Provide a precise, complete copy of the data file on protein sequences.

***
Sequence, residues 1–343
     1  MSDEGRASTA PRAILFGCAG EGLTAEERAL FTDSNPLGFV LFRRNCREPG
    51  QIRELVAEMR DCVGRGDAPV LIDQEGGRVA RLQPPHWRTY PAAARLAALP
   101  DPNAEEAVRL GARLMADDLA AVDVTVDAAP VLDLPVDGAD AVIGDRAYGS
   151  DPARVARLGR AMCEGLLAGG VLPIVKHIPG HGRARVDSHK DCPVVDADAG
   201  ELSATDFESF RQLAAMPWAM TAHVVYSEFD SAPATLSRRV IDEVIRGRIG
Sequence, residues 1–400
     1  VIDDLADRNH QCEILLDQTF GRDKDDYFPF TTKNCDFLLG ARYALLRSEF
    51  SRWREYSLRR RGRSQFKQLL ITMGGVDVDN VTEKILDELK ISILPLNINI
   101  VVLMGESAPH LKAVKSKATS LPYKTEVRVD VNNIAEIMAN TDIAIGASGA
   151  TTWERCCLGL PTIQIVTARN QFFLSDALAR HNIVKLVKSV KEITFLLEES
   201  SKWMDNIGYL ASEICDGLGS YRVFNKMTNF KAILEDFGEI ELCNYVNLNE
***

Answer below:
Sequence, residues 1–343
     1  MSDEGRASTA PRAILFGCAG EGLTAEERAL FTDSNPLGFV LFRRNCREPG
    51  QIRELVAEMR DCVGRGDAPV LIDQEGGRVA RLQPPHWRTY PAAARLAALP
   101  DPNAEEAVRL GARLMADDLA AVDVTVDAAP VLDLPVDGAD AVIGDRAYGS
   151  DPARVARLGR AMCEGLLAGG VLPIVKHIPG HGRARVDSHK DCPVVDADAG
   201  ELSATDFESF RQLAAMPWAM TAHVVYSEFD SAPATLSRRV IDEVIRGRIG
Sequence, residues 1–400
     1  VIDDLADRNH QCEILLDQTF GRDKDDYFPF TTKNCDFLLG ARYALLRSEF
    51  SRWREYSLRR RGRSQFKQLL ITMGGVDVDN VTEKILDELK ISILPLNINI
   101  VVLMGESAPH LKAVKSKATS LPYKTEVRVD VNNIAEIMAN TDIAIGASGA
   151  TTWERCCLGL PTIQIVTARN QFFLSDALAR HNIVKLVKSV KEITFLLEES
   201  SKWMDNIGYL ASEICDGLGS YRVFNKMTNF KAILEDFGEI ELCNYVNLNE